A more correctly literal translation of the title would be The Apparatus to Kill Bad People – it is also important to know that ‘macchina’ is the common Italian word for ‘camera’. The major feature of the film’s self-reflexive questioning, of course, is Celestino’s role as photographer. [This] self-reflexivity is further insisted upon by the very fact that the ‘deaths’ caused by the camera are portrayed on the screen precisely by the use of uniquely cinematic devices such as stop motion, montage, and reverse action, tricks as old as Georges Méliès. And, of course, they are just that, tricks, and thus to be shunned by all proper realists; what Rossellini seems to be coming to understand at some level, however, is that all cinema, including the realist variety, is, and can only be, trickery.”

Peter Brunette7


We’ll take down the sets, my friends.
The play is over. Here’s the moral:
Do good but don’t overdo it!
Avoid evil, for your own sake.
Don’t be too hasty in judging others.
Think twice before you punish anyone.
I’ll leave now for time does fly,
So I’ll take my bow and say goodbye.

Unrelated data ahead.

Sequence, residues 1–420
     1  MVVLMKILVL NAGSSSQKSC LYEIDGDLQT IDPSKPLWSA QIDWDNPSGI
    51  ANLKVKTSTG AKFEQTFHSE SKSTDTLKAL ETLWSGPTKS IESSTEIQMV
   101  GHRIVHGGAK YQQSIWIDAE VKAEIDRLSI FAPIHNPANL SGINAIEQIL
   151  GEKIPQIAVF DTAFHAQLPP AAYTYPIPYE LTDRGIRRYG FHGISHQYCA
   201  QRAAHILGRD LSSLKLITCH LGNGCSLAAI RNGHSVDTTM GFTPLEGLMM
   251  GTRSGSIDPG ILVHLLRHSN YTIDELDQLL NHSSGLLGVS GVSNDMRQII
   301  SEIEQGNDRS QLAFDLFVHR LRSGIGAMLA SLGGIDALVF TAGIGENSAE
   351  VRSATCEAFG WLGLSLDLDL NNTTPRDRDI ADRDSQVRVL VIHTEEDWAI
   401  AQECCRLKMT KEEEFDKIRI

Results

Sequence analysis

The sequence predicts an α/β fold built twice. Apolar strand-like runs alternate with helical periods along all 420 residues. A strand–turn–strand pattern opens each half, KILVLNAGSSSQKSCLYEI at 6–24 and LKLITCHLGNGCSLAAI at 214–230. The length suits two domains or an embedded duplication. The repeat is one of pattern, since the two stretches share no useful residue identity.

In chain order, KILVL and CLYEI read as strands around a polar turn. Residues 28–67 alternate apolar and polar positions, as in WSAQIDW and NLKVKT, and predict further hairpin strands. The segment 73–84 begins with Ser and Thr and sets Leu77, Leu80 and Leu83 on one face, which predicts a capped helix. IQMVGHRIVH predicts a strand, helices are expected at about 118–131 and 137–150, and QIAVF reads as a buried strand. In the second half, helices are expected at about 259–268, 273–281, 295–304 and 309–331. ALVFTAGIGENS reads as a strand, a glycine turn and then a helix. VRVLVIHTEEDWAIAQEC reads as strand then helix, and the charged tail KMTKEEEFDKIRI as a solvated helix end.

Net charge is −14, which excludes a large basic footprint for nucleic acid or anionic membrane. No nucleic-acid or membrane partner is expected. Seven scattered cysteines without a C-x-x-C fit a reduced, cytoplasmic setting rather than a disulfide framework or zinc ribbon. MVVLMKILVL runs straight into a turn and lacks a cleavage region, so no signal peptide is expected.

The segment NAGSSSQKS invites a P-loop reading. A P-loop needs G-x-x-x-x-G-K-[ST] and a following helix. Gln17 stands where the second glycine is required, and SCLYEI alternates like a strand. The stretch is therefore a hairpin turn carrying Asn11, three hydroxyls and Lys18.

The film’s rhymed epilogue

  • 1Eric Rohmer and François Truffaut, ”Interview with Roberto Rossellini [1954],” In Jim Hiller (ed.), Cahiers du Cinema – The 1950s: Neo-Realism, Hollywood, New Wave (Cambridge: Harvard University Press, 1985), 209.
  • 2Tag Gallagher, The Adventures of Roberto Rossellini (New York: Da Capo Press, 2006; revised edition).
  • 3Roberto Rossellini, “Rossellini si defende [interview with Fernaldo Di Giammatteo, 1948],” in II mio metodo (Venice: Marsilio Editori, 1987). Quoted and translated in Peter Bondanella, The Films of Roberto Rossellini (Cambridge: Cambridge University Press, 1993), 87.
  • 4Roberto Rossellini, II mio metodo (Venice: Marsilio Editori, 1987), 93.
  • 5Peter Bondanella, “La macchina ammazzacattivi: Doubts about the Movie Camera as a Morally Redemptive Force,” The Films of Roberto Rossellini (Cambridge: Cambridge University Press, 1993).
  • 6Steven Jacobs, Framing Pictures: Film and the Visual Arts (Edinburgh: Edinburgh University Press, 2011), 122.
  • 7Peter Brunette, “The War Trilogy and After: La Macchina Ammazzacattivi (1948–52),” Roberto Rossellini (Berkeley: University of California Press, 1996; reprint).
UPDATED ON 04.07.2019